Who was Amelia Earhart?

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Thursday, April 11, 2019

Love your notes.
Contact me at domcapossela@hotmail.com

This from Anne McEvoy Kilzer:

Dear Dom-

Gary and I can not thank you enough for such a wonderful time.  Everything was great- the company, your amzing food, meeting new people and seeing you, Kay and Dave.

Thank you so much for including us!!

Love,

Anne xoxo

__________________________________
and this from Gary Kilzer:

To a great host, raconteur and f’ing good cook nice party thanks for including us

All the best

G

And Gary sends this photograph of the Dry-Aged Tomahawk Steak:

Notice in the slow roast the meat is cooked evenly throughout. So tender and juicy it will stay memorable in our minds.

Notice in the slow roast the meat is cooked evenly throughout.
So tender and juicy it will stay memorable in our minds.

Web Meister Responds: Everybody loves Anne and Gary. With good reason: they are amiable, gentlefolk.

“And third, there are some things even a rat won't do."

“And third, there are some things even a rat won't do."

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Chuckle of the Day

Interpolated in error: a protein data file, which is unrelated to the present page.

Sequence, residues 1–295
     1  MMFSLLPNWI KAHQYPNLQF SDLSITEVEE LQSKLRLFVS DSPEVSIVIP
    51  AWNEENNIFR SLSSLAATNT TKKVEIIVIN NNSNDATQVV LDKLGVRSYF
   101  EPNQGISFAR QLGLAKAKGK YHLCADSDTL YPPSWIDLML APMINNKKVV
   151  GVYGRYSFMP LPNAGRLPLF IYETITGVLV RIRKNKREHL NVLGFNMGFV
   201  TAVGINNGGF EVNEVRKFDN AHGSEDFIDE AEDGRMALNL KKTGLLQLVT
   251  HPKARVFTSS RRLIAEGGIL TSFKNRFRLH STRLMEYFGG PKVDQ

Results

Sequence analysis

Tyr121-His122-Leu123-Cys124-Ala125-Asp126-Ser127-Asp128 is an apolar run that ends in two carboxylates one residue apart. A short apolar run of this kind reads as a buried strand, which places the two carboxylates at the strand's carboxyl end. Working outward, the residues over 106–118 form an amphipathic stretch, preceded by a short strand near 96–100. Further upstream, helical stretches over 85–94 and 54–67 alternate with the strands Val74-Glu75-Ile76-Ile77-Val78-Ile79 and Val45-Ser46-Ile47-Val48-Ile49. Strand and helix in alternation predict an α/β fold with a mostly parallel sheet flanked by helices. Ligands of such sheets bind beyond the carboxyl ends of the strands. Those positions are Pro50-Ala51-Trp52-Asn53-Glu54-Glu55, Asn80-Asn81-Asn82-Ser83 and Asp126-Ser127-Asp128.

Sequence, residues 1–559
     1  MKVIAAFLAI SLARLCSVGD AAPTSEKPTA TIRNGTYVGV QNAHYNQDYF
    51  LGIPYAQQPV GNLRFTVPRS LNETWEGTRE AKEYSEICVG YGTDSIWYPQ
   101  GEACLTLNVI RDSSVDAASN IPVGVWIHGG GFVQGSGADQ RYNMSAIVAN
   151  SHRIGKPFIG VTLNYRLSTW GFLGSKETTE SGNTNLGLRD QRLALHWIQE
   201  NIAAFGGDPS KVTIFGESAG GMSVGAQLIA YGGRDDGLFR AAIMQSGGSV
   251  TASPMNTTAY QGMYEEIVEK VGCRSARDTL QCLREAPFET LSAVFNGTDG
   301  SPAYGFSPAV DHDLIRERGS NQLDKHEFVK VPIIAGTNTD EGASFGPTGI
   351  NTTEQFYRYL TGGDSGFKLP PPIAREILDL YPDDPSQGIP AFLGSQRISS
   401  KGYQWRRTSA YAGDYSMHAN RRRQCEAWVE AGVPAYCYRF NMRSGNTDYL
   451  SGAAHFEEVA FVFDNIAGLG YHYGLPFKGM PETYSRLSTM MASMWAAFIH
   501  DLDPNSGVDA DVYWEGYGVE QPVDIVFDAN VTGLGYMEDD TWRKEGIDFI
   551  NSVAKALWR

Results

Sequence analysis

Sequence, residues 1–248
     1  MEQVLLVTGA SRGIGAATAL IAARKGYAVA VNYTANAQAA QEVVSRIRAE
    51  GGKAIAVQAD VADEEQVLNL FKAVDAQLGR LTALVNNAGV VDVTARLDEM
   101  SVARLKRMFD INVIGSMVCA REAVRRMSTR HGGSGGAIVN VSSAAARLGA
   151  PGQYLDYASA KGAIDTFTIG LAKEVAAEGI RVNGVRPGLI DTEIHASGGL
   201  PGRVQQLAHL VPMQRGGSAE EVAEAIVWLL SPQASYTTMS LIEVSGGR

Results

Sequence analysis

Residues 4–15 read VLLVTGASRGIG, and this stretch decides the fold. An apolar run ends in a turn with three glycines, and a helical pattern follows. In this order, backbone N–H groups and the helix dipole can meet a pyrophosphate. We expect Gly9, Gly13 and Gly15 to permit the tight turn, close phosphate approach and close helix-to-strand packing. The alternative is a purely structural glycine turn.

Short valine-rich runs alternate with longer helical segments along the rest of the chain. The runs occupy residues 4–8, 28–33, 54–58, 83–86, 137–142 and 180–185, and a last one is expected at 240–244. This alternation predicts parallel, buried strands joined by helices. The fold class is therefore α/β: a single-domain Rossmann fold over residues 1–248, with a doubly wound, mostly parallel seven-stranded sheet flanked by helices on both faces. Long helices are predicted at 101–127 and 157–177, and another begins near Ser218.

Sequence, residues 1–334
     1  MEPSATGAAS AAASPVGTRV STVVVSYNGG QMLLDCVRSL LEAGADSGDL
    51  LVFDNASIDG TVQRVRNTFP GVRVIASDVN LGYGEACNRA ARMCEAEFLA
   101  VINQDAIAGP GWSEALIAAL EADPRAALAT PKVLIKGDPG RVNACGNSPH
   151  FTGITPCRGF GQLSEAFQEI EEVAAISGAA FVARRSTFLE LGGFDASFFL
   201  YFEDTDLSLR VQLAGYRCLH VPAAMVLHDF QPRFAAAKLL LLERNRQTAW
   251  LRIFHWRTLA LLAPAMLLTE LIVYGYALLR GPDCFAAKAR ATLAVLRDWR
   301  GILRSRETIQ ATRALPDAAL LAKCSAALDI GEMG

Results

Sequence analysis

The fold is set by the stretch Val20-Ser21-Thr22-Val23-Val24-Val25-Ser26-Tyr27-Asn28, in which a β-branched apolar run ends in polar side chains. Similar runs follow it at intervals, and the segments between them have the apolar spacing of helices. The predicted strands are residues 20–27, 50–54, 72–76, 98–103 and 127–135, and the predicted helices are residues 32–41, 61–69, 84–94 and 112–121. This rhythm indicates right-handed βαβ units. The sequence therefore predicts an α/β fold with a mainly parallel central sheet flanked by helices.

:
At a convention of biological scientists, one researcher remarks to another, "Did you know that in our lab we have switched from mice to lawyers for our experiments?"
"Really? Why did you switch?"
"Well, for three reasons.
“First we found that lawyers are far more plentiful.
“Second, the lab assistants don't get attached to lawyers.
“And third, there are some things even a rat won't do."

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Answer to the Question of the Day:
Who was Amelia Earhart?

Amelia Earhart standing under nose of her Lockheed Model 10-E Electra. Gelatin silver print, 1937. National Portrait Gallery, Smithsonian Institution;  gift of George R. Rinhart, in memory of Joan Rinhart Underwood & Underwood (active 1880 – c. 1950)[1] - http://amextbg2.wgbhdigital.org/wgbh/americanexperience/media/uploads/special_features/photo_gallery/amelia_gallery_07.jpg